In tonight’s BBC Question Time special, devoted to the Labour leadership election, the foundational myth of Corbynism was repeated again and again. It is that old favourite – the stab in the back.
Audience members who support Corbyn claimed that Labour were ahead in the polls until the resignations from the Shadow Cabinet. Owen Smith gently corrected them – in 89 polls Labour were behind in 85 and level pegging in 4. Rather than concede the point, Corbyn played to his support and repeated their lie, adding that hostile media coverage was also to blame for poor polls.
This was the pattern throughout the debate: Smith answering questions clearly and punchily, talking through the camera to the country; Corbyn basking in adulation and talking in generalities.
Owen Smith was clear in his attacks and came back to them again and again – Jeremy is comfortable being in opposition, and doesn’t even believe he can be Prime Minister. The message discipline was exemplary. When necessary he was sharp. When, for example, Corbyn claimed that he had led the defeat of the Tories over tax credits, Smith snapped back that Jeremy had never raised the issue at Shadow Cabinet and had been unavailable for one to one meetings with Smith as Labour’s Shadow DWP Secretary.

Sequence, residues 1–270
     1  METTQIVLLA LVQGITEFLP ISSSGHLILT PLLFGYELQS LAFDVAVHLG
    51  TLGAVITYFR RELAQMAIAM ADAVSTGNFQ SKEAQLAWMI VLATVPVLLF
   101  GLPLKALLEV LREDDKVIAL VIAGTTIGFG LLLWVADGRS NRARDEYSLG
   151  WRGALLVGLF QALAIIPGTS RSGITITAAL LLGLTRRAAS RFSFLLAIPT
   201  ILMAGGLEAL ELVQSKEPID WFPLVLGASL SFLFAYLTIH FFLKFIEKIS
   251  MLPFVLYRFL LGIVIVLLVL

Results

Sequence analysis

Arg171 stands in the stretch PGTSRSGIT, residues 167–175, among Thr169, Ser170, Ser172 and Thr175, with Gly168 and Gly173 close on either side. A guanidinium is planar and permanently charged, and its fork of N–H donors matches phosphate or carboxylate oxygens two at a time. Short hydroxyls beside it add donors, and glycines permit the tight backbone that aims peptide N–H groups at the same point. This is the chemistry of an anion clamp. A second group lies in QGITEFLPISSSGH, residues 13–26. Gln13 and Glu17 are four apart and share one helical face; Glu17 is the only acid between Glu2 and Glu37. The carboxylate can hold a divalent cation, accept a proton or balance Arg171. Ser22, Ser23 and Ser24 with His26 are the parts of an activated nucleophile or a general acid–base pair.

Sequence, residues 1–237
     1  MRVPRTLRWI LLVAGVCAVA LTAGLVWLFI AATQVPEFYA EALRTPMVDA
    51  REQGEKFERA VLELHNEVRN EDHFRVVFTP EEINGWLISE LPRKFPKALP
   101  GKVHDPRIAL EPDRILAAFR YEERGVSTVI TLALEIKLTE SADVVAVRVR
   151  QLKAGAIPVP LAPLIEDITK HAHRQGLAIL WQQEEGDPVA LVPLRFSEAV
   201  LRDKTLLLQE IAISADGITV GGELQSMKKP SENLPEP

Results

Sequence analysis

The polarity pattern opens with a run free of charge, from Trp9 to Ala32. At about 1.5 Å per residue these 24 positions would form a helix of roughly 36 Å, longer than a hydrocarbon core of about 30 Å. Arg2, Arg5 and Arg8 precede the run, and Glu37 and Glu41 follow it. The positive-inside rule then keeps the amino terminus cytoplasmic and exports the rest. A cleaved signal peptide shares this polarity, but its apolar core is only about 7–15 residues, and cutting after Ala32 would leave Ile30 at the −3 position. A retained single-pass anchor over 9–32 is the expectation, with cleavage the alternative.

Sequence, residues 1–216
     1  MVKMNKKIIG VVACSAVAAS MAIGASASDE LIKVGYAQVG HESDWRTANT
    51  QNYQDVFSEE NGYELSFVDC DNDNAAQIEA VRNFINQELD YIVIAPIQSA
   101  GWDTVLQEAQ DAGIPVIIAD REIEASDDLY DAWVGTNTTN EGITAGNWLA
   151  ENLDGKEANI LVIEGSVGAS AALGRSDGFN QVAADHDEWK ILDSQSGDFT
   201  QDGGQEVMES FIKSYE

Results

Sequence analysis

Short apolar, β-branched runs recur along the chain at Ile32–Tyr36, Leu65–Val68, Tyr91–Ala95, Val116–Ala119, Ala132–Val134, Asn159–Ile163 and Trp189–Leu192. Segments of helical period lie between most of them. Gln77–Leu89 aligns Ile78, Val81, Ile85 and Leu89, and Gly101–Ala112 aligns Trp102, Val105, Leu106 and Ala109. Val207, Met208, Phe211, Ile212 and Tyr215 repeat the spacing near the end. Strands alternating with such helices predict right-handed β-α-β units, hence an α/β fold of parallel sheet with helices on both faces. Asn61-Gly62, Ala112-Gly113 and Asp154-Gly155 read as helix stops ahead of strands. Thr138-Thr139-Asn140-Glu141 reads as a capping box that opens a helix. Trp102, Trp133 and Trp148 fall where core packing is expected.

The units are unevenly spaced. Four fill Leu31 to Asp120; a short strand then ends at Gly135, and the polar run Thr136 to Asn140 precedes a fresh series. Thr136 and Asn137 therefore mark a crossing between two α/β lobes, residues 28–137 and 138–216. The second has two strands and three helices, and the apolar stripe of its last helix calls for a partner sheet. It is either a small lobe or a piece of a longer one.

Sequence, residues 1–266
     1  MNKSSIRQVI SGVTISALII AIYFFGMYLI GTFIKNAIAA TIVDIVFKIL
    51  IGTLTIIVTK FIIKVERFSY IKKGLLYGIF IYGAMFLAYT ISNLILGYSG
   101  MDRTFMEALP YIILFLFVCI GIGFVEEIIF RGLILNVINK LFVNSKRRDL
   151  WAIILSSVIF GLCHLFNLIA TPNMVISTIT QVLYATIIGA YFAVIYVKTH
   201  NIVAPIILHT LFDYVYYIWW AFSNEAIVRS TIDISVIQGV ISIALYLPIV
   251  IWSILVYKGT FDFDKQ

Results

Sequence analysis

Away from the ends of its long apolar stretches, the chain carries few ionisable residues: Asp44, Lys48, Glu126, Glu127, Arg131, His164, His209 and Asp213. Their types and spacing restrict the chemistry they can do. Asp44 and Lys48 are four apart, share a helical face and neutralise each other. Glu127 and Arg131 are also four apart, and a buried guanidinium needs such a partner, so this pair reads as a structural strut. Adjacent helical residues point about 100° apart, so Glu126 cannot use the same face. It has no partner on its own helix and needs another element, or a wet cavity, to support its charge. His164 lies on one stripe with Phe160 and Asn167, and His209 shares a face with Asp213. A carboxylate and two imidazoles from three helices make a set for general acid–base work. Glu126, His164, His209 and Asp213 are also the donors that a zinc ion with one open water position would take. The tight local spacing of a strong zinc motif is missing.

Smith’s positives were terse and effective too. Asked his policy differences with Jeremy, he said he was for staying in the EU, unlike Jeremy; against triggering Article 50, unlike Jeremy; for remaining a member of the single market, unlike Jeremy. These lines were loudly applauded and Jeremy was weak in response – accepting Owen’s charges.
So it went on, with muscular policy from Smith and a Kumbaya approach from Corbyn. Islamist radicalisation can, according to Jeremy, be dealt with by anti-racism and community cohesion. Nuclear blackmail likewise can be faced down by talking about peace. As for abuse – online or in person – there should never be abuse. This was straight from the school of Chauncey Gardiner, the simpleminded man in the film Being There – platitudes, though in this case deliberately put forward as wisdom rather than gullibly being taken as such. And Corbynistas lapped it up. Just as they buy Jeremy’s untruths about polling, so they love his banalities.
Did we learn anything from the debate? Not really. Corbyn has mastered a line in geography teacher making serious point – he leans on the podium and speaks more slowly and ever so slightly louder. Smith can take an audience head on and say things they don’t want to hear including the need for Labour to win over Tory voters, unflustered by the uncomradely booing (which is how Corbyn supporters interpret their man’s no abuse line).
We also saw that Corbyn supportsers share their candidate’s unshakable certainty and complete lack of reflection. One Corbynista told Owen Smith You’re in the wrong party!. When Smith pulled him up on that, condemning it as abuse, the man was genuinely aggrieved – How is that abuse? That, in the end, was the most telling moment – the man meant it, he really didn’t think that calling Owen Smith a Tory was in any way wrong. That is what the Labour Party has come to under Corbyn’s leadership. It is why he must go, and why he almost certainly won’t.
News Source TelegraphNews